ORDER AND FINDINGS AND RECOMMENDATIONS
Plaintiff is a prisoner without counsel seeking relief pursuant to 42 U.S.C. § 1983. This action is proceeding on the original complaint filed on March 3, 2010. Dckt. No. 1. Also on March 3, 2010, plaintiff filed a motion for a preliminary injunction. Dckt. No. 2. On March 8, 2010, the court found service appropriate for defendants and directed them to respond to plaintiff's motion.*fn1 Dckt. Nos. 6, 7.
Plaintiff's motion for a preliminary injunction repeats the facts and allegations of the complaint. Specifically, plaintiff seeks to prevent defendants from modifying his current level of mental health care.
A preliminary injunction will not issue unless necessary to prevent threatened injury that would impair the court's ability to grant effective relief in a pending action. Sierra On-Line, Inc. v. Phoenix Software, Inc., 739 F.2d 1415, 1422 (9th Cir. 1984); Gon v. First State Ins. Co., 871 F.2d 863 (9th Cir. 1989). A preliminary injunction represents the exercise of a far reaching power not to be indulged except in a case clearly warranting it. Dymo Indus. v. Tapeprinter, Inc., 326 F.2d 141, 143 (9th Cir. 1964). The Ninth Circuit recently modified its standard for preliminary injunctive relief to conform to the Supreme Court's admonition in Winter v. Natural Res. Def. Council, Inc., ___ U.S. ___, 129 S.Ct. 365, 375-76 (2008), that the moving party must demonstrate that--absent an injunction--irreparable injury is not only possible, but likely.*fn2
Stormans, Inc. v. Selecky, Nos. 07-36039, 07-36040, 2009 WL 1941550 at *13 (9th Cir. July 8, 2009). Under the new standard, "preliminary injunctive relief requires a party to demonstrate 'that he is likely to succeed on the merits, that he is likely to suffer irreparable harm in the absence of preliminary relief, that the balance of equities tips in his favor, and that an injunction is in the public interest.'" Stormans, Inc., at 13, quoting Winter v. Natural Res. Def. Council, Inc., ___ U.S. at ___, 129 S.Ct. at 375-76. In cases brought by prisoners involving conditions of confinement, any preliminary injunction "must be narrowly drawn, extend no further than necessary to correct the harm the court finds requires preliminary relief, and be the least intrusive means necessary to correct the harm." 18 U.S.C. § 3626(a)(2).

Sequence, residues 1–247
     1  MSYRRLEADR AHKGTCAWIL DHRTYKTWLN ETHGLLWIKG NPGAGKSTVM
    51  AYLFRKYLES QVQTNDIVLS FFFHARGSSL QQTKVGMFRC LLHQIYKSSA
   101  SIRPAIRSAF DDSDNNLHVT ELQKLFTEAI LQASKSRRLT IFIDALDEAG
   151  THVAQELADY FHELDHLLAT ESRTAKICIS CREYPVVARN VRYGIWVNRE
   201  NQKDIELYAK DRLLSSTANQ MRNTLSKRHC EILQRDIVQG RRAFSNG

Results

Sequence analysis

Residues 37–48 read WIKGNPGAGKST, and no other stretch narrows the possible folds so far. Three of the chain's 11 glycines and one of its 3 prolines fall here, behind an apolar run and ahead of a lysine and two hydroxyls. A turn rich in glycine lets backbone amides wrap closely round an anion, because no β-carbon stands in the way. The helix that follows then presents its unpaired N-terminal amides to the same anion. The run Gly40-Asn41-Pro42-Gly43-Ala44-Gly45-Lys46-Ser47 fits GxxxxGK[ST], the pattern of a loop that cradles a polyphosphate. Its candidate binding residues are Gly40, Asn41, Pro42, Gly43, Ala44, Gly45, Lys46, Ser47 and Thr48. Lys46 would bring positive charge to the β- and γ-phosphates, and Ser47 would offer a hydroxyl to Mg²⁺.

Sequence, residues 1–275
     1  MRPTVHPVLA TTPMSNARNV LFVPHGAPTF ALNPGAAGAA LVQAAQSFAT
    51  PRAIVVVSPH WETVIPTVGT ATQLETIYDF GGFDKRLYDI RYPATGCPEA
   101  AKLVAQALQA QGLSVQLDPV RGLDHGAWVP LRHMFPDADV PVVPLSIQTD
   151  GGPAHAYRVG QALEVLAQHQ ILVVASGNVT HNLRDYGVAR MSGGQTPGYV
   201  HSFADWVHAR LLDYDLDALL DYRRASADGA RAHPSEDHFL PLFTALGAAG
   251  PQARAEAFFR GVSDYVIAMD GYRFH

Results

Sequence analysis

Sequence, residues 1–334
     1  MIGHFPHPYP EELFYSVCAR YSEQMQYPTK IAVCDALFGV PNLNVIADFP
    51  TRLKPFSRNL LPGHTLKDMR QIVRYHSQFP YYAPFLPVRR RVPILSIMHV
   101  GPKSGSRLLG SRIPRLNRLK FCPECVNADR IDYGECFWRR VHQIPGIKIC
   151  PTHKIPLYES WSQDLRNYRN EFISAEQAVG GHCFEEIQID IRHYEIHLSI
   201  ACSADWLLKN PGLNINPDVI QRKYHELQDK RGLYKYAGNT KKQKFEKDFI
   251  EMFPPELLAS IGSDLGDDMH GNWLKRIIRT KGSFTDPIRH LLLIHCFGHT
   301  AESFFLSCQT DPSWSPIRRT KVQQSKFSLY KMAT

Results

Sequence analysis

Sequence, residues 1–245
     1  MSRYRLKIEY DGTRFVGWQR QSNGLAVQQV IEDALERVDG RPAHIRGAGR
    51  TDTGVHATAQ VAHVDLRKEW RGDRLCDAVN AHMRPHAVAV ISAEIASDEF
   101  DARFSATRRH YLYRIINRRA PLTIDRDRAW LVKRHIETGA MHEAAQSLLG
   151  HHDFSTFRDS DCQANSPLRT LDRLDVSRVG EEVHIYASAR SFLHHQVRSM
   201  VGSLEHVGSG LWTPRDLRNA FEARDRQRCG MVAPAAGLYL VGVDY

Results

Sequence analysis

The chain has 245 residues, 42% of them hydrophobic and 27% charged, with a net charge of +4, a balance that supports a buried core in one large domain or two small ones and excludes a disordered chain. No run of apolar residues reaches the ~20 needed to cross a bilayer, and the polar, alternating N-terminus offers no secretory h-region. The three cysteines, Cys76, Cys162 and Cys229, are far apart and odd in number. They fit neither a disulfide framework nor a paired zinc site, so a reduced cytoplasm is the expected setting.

Defendants' response to the motion for a preliminary injunction includes a declaration from R. Dahl, the Senior Psychologist at Mule Creek State Prison, where plaintiff is currently housed. Dckt. No. 15, Dahl. Decl. ¶ 1. Dahl indicates that the Interdisciplinary Treatment Team ("Team") held a meeting on March 16, 2010, for an evaluation of plaintiff's mental health status.
Id., ¶ 2. The Team's decision was to retain plaintiff at the Enhanced Outpatient Program level of care within the Mental Health Program. Id. Dahl further indicates that plaintiff's clinician is Dr. Lisle, who is an Enhanced Outpatient staff psychologist who will continue to provide Enhanced Outpatient level of care to plaintiff. Id., ¶ 3. In light of Dahl's declaration, defendants argue that plaintiff's motion should be denied as moot, as plaintiff has been retained at the level of care that he was receiving when he filed his motion, namely, the Enhanced Outpatient Program. Id. at 1-2.